Why can’t we have nice things? Depending on your lot in life, you may ponder this from time to time. Things like easy access to health care, fair public utilities, unions that provide job security and protect worker rights—these are all societal gains that many other nations have achieved. So why can’t the United States, the wealthiest nation on the planet, provide these and other amenities to every citizen?
This is the question that Heather McGee, former director of the think tank Demos, asks in The Sum of Us: What Racism Costs Everyone and How We Can Prosper Together. She ably moves through some of the largest infrastructural deficiencies in the U.S. and explains how a zero-sum mindset, combined with the constant plague of systemic racism, have led to fewer amenities for all.
McGhee’s anecdotes about the past read like cautionary parables for the future. For instance, throughout the 1920s, the Works Progress Administration built hundreds of public swimming pools across the nation to provide relief from the summer sun. But after federal courts ruled that segregated swimming was unconstitutional, many cities opted to fill their grandest pools with concrete rather than allow Black swimmers to use them. And so no one got relief from the heat.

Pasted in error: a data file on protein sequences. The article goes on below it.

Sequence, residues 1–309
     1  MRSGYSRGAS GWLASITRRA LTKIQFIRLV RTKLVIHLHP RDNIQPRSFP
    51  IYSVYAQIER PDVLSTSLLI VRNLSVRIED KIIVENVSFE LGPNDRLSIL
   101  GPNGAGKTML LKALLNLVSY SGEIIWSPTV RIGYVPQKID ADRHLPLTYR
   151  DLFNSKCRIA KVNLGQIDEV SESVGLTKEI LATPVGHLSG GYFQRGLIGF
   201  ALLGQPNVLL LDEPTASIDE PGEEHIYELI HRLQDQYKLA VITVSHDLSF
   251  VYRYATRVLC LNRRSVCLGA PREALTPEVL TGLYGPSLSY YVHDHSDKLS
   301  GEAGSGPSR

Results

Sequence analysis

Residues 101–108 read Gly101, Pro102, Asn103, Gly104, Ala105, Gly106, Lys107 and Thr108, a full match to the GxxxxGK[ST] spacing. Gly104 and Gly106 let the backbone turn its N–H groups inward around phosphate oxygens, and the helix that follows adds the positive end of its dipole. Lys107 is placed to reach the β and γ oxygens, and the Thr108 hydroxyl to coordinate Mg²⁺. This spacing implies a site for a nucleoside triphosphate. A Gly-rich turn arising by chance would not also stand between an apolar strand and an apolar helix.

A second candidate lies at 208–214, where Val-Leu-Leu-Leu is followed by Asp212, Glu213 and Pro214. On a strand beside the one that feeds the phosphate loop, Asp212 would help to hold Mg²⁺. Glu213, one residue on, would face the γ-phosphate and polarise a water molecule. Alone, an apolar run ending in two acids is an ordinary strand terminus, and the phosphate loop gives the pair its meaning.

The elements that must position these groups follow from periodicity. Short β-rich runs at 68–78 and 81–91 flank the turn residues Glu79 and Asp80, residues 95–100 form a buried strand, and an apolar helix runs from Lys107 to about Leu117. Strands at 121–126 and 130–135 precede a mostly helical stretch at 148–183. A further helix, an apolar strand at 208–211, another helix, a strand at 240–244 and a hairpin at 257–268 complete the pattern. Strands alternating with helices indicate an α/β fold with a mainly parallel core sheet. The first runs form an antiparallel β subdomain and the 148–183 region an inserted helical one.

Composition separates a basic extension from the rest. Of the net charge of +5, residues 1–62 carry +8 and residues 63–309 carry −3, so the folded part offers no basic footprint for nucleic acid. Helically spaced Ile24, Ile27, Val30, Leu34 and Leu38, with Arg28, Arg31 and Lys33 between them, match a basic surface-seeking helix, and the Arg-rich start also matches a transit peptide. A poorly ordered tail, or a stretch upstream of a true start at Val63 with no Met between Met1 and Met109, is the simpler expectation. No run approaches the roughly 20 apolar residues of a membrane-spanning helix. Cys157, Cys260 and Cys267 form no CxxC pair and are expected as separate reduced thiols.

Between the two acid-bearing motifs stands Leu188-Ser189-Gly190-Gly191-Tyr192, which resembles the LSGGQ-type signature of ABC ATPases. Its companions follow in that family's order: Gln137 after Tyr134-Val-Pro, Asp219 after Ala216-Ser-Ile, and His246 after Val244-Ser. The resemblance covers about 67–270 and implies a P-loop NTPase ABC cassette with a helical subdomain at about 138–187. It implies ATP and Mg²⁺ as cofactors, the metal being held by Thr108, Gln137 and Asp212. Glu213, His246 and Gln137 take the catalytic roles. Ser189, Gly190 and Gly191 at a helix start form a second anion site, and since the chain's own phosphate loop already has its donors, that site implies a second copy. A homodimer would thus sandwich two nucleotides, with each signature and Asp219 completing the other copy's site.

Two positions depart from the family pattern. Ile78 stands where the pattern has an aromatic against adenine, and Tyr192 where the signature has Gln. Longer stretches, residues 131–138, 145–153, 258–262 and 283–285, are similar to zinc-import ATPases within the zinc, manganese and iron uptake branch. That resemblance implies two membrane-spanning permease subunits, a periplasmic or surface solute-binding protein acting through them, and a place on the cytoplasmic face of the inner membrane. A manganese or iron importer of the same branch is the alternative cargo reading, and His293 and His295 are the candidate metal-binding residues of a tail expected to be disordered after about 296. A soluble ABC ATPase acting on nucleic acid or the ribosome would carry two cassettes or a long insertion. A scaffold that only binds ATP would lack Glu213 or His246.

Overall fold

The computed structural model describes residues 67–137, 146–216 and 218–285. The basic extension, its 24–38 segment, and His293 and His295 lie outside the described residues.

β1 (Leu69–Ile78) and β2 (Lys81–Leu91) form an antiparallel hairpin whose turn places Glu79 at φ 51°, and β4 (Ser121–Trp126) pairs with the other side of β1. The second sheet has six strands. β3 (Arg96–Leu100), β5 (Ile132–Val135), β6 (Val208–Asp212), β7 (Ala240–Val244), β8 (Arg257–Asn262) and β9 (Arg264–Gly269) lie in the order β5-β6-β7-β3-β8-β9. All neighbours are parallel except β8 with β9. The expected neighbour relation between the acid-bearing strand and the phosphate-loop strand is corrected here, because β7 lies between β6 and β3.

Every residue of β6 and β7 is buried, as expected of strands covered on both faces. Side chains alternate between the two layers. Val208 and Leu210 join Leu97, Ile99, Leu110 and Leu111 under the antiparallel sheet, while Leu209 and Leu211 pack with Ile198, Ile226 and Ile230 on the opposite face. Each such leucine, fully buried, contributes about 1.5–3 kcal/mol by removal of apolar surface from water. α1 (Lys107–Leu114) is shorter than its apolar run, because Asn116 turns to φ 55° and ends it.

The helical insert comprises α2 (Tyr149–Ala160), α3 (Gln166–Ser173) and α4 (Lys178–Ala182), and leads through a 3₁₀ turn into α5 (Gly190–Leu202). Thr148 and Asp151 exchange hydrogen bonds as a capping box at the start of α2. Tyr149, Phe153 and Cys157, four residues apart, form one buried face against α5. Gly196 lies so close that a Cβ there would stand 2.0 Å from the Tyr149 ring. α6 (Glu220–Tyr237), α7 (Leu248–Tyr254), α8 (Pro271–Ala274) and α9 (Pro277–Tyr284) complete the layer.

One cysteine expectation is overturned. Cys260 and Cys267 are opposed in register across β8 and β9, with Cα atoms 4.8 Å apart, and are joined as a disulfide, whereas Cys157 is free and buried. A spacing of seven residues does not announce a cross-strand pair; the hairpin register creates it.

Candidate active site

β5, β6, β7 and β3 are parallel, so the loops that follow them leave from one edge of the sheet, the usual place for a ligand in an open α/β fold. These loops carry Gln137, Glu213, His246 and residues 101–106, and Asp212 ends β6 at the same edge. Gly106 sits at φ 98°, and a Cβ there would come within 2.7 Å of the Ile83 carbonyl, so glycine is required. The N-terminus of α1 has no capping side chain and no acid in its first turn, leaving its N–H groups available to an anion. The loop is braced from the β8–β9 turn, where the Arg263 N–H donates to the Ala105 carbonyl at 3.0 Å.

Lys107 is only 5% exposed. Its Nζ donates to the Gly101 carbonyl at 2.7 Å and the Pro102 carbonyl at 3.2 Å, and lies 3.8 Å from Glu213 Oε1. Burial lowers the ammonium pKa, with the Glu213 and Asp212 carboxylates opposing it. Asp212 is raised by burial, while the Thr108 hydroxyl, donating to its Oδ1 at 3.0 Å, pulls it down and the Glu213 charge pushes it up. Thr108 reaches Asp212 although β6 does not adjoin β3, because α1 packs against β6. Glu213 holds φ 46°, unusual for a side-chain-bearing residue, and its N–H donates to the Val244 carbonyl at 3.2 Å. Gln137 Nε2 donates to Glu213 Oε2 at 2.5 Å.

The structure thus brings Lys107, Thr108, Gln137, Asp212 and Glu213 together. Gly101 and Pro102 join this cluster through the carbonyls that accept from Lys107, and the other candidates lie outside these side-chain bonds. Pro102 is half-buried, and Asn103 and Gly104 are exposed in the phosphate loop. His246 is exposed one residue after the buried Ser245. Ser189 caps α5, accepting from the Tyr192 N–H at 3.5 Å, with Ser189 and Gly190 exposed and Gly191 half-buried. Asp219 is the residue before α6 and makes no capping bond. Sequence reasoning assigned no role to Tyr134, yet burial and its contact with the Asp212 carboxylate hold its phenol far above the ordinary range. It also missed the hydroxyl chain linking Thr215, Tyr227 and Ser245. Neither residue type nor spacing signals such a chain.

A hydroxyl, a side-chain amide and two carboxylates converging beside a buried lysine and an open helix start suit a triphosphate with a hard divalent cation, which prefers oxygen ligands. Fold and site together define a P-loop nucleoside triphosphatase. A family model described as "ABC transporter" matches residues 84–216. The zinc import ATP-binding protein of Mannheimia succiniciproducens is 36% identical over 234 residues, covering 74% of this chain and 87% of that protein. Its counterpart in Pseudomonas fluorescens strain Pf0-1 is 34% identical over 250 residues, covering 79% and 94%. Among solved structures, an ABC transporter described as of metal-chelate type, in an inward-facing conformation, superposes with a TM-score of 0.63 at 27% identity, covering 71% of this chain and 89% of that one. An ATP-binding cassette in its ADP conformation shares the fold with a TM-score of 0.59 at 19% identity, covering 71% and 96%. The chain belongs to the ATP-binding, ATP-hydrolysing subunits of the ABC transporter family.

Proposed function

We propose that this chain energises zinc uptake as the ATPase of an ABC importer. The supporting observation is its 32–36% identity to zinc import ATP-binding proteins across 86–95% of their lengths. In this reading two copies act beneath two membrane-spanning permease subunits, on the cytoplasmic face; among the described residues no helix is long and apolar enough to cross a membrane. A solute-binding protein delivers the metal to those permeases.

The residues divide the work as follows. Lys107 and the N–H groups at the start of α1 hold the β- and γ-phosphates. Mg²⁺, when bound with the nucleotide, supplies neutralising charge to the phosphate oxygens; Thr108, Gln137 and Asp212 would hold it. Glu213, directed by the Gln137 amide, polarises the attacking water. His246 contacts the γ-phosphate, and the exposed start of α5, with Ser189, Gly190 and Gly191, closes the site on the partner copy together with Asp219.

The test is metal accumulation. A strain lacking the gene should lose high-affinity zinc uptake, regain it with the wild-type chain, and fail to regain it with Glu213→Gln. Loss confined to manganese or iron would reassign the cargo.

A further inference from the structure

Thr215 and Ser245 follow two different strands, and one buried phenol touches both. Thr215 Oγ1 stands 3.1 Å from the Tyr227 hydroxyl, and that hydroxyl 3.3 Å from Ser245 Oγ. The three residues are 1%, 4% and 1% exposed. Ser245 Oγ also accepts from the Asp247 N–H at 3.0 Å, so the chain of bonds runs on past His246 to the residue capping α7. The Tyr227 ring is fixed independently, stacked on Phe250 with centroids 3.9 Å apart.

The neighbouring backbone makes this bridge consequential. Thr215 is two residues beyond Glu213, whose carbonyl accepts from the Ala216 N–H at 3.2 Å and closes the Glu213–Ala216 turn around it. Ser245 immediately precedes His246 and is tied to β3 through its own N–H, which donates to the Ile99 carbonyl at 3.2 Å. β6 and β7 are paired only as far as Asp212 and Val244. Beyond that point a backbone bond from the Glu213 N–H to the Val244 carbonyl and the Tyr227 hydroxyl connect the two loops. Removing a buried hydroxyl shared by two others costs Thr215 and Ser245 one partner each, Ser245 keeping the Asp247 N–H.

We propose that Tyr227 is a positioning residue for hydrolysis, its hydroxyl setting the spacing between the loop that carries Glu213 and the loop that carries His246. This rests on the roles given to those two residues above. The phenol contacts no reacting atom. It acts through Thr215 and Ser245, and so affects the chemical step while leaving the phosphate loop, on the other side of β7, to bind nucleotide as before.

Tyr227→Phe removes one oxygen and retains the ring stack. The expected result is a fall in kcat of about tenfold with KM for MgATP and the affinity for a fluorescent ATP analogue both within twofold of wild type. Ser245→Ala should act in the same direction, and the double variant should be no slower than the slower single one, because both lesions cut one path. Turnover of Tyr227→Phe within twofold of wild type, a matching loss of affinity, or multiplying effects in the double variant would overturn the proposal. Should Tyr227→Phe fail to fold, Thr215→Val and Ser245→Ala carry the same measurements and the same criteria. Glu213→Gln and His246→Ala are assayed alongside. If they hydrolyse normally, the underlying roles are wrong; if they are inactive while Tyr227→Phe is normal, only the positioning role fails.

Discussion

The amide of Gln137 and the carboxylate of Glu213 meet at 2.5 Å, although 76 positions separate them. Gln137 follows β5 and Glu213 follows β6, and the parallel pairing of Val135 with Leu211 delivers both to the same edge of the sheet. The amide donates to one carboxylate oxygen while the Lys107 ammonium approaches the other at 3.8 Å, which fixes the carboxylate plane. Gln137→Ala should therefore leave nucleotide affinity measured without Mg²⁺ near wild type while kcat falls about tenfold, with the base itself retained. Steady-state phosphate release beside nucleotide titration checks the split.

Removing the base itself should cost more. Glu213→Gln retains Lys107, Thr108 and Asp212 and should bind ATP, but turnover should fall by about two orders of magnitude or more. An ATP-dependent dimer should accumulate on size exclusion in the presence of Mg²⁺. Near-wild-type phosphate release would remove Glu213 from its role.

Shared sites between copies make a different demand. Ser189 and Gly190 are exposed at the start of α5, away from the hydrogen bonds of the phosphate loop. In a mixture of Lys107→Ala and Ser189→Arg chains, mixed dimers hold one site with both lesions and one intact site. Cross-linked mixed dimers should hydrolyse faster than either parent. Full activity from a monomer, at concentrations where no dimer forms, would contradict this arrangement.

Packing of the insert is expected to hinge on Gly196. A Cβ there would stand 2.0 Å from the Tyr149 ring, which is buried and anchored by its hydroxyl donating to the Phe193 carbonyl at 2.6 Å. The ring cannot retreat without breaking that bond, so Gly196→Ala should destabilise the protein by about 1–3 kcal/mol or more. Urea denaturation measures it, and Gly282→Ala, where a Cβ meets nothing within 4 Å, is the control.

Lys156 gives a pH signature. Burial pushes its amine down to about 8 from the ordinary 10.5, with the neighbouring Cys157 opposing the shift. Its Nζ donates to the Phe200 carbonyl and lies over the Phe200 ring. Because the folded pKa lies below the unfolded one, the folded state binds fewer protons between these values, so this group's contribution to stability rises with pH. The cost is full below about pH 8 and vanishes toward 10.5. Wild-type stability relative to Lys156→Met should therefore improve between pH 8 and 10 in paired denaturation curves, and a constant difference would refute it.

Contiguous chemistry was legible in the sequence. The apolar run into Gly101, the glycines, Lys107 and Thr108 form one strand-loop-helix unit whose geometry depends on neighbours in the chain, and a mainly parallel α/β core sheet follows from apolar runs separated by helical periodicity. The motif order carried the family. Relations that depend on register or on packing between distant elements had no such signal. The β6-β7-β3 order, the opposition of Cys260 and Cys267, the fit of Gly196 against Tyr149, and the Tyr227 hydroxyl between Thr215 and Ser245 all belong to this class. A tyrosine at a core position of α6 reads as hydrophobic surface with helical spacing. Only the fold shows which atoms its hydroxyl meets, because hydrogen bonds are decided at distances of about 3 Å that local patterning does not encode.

McGhee unpacks how this kind of thinking shows up in every sector of society. Businesses have stoked racial mistrust to divide unions in their factories, using social capital to turn workers against collective bargaining. Years of accumulated racial resentment have kneecapped attempts to provide universal healthcare coverage, from Harry Truman’s era to Barack Obama’s. State-subsidized college tuition and affordable housing were vilified as handouts for the undeserving poor, which led to absurdly high tuition rates and the housing market crash of 2008.
Supported by remarkable data-driven research and thoughtful interviews with those directly affected by these issues, McGhee paints a powerful picture of the societal shortfalls all around us. There is a greater, more just America available to us, and McGhee brings its potential to light.
ALSO IN BOOKPAGE: The Sum of Us is excellent on audiobook, read by the author.